1. As somehow who has been at anxiety’s deep end myself, I know how hard that journey up can be and how much it sucks sometimes. ❤️ It is the journey but sometimes it’s really hard. I’ve created a trusted support network that helps me and cheers me on whenever I need help. But mainly, I finally learned to ask for help – in the past, that was something I really somehow struggled with.

      I know I keep on going about Brené Brown’s book a lot – now I’m actually getting nervous that people may not like them as I’m perhaps building up a hype around them. 😳😊 I believe in Brown’s work though and Daring Greatly is amongst my fav books to date. Crossing my fingers you enjoy them if you read them one day. 😊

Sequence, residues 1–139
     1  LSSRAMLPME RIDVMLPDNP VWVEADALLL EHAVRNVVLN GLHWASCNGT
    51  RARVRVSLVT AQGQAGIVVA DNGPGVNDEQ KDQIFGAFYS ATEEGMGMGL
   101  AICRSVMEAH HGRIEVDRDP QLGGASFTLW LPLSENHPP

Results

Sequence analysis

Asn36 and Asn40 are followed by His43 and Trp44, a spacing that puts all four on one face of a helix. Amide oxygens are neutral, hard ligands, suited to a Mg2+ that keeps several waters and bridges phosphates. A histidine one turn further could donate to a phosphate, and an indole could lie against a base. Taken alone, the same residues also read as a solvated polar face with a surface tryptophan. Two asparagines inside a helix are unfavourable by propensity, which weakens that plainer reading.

Like

  4. So agree that it’s about the journey! It’s so important to look at self development and not simply at achievements. I really like the quotes from Tim Ferris and Martha N Beck 🙂 And I really think “emotions are data, not directives” is a powerful message. Really like how you did this post!!

    Liked by 1 person

Leave a Reply

Fill in your details below or click an icon to log in:

WordPress.com Logo

You are commenting using your WordPress.com account. Log Out /  Change )

Google+ photo

You are commenting using your Google+ account. Log Out /  Change )

Twitter picture

You are commenting using your Twitter account. Log Out /  Change )

Facebook photo

You are commenting using your Facebook account. Log Out /  Change )

Connecting to %s